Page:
Acute remapping within the motor system induced by low-frequency repetitive transcranial magnetic stimulation.

Détails

ID Serval
serval:BIB_FA5B6CDA8D58
Type
Article: article d'un périodique ou d'un magazine.
Collection
Publications
Titre
Acute remapping within the motor system induced by low-frequency repetitive transcranial magnetic stimulation.
Périodique
Journal of Neuroscience
Auteur(s)
Lee L., Siebner H.R., Rowe J.B., Rizzo V., Rothwell J.C., Frackowiak R.S., Friston K.J.
ISSN
1529-2401 (Electronic)
ISSN-L
0270-6474
Statut éditorial
Publié
Date de publication
2003
Volume
23
Numéro
12
Pages
5308-5318
Langue
anglais
Notes
Publication types: Clinical Trial ; Journal Article ; Research Support, Non-U.S. Gov'tPublication Status: ppublish
Résumé
Repetitive transcranial magnetic stimulation (rTMS) of human primary motor cortex (M1) changes cortical excitability at the site of stimulation and at distant sites without affecting simple motor performance. The aim of this study was to explore how rTMS changes regional excitability and how the motor system compensates for these changes. Using functional brain imaging, activation was mapped at rest and during freely selected finger movements after 30 min of 1 Hz rTMS. rTMS increased synaptic activity in the stimulated left M1 and induced widespread changes in activity throughout areas engaged by the task. In particular, movement-related activity in the premotor cortex of the nonstimulated hemisphere increased after 1 Hz rTMS. Analyses of effective connectivity confirmed that the stimulated part of M1 became less responsive to input from premotor and mesial motor areas. Conversely, after rTMS our results were consistent with increased coupling between an inferomedial portion of left M1 and anterior motor areas. These results are important for three reasons. First, they show changes in motor excitability to central inputs from other cortical areas (as opposed to peripheral or exogenous inputs used in previous studies). Second, they suggest that maintenance of task performance may involve activation of premotor areas contralateral to the site of rTMS, similar to that seen in stroke patients. Third, changes in motor activations at the site of rTMS suggest an rTMS-induced remodeling of motor representations during movement. This remapping may provide a neural substrate for acute compensatory plasticity of the motor system in response to focal lesions such as stroke.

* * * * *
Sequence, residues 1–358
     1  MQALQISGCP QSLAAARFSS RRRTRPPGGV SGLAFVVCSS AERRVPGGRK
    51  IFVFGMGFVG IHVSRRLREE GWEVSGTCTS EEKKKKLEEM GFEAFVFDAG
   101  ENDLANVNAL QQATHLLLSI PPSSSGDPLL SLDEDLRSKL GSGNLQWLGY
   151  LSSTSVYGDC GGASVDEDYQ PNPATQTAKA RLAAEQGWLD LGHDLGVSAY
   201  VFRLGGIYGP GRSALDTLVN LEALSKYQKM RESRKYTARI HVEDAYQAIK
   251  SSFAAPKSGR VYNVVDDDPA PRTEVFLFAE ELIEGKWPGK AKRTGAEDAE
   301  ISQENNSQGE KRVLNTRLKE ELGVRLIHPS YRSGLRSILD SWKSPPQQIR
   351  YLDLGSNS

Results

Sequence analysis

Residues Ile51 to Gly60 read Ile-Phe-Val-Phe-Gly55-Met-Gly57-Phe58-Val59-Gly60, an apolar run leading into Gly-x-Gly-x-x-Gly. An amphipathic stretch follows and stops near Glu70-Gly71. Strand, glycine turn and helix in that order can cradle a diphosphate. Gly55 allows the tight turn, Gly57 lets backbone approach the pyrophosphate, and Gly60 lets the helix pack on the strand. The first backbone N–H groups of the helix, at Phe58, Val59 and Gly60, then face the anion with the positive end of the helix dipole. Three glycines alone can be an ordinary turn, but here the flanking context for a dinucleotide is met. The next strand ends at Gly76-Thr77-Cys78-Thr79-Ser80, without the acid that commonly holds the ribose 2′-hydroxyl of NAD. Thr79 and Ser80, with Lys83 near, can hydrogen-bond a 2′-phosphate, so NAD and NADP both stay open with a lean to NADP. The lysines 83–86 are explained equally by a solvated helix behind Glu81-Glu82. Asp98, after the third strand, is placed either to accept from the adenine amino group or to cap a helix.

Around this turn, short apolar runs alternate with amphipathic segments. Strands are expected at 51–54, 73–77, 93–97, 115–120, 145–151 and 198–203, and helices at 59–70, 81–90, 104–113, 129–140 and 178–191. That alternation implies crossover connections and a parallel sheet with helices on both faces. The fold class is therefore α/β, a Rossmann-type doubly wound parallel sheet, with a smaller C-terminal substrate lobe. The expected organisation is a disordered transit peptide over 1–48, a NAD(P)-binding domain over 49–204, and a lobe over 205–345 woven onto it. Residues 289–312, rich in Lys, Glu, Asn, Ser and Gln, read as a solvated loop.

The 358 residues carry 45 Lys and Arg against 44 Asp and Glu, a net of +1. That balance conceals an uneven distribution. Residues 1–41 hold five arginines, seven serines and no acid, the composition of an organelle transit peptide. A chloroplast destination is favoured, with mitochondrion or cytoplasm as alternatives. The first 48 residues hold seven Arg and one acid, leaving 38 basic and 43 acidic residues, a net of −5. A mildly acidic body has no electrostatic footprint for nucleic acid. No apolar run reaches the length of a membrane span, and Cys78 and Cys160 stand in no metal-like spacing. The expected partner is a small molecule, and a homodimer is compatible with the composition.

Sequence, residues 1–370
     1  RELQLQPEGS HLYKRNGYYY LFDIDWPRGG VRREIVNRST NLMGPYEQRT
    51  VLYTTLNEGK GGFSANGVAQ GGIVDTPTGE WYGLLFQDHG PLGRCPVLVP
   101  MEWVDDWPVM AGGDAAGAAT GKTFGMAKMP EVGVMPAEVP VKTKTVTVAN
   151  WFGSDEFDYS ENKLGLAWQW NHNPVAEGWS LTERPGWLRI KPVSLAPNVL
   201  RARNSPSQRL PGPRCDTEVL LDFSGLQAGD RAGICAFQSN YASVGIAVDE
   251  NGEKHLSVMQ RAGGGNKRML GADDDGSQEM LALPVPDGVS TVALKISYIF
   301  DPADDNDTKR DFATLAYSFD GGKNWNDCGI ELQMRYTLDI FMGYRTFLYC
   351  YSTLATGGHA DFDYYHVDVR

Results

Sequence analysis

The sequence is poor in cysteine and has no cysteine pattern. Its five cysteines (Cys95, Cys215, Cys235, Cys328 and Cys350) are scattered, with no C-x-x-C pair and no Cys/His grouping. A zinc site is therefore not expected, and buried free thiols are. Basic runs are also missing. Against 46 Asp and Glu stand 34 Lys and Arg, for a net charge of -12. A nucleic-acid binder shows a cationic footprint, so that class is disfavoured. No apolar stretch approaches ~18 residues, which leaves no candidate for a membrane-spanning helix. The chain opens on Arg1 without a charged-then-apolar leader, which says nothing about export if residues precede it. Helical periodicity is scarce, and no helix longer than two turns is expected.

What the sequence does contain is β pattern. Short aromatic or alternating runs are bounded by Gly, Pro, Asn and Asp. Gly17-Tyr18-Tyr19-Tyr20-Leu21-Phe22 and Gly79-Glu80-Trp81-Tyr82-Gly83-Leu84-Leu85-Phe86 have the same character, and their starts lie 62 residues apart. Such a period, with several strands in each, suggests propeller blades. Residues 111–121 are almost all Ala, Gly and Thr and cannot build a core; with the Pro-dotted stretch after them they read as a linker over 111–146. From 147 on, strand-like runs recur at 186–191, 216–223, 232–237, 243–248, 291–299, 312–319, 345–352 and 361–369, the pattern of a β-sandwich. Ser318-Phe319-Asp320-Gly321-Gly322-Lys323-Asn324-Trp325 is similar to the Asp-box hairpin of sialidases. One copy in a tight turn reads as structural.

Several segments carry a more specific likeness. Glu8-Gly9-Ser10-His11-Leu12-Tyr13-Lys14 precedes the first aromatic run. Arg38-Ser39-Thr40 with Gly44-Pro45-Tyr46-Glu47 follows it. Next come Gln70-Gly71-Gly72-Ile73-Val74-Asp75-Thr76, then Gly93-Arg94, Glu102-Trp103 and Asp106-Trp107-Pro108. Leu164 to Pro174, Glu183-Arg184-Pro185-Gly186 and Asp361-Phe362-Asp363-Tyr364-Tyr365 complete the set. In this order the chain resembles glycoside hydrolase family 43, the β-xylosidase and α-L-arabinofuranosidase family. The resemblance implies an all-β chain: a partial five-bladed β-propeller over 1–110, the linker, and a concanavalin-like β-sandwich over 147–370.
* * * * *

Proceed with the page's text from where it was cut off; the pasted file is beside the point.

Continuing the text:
Mots-clé
Adult, Aged, Biomechanics, Blood Flow Velocity/radiation effects, Brain/blood supply, Brain/physiology, Brain Mapping, Cerebrovascular Circulation/radiation effects, Electric Stimulation/instrumentation, Electric Stimulation/methods, Electromagnetic Fields, Female, Fingers/physiology, Humans, Male, Middle Aged, Motor Activity/physiology, Motor Cortex/physiology, Motor Cortex/radiation effects, Neuronal Plasticity/physiology, Neuronal Plasticity/radiation effects, Psychophysiology, Reference Values, Regression Analysis, Sensory Thresholds, Tomography, Emission-Computed, Transcranial Magnetic Stimulation
Pubmed
Web of science
Création de la notice
11/09/2011 19:42
Dernière modification de la notice
03/03/2018 22:55
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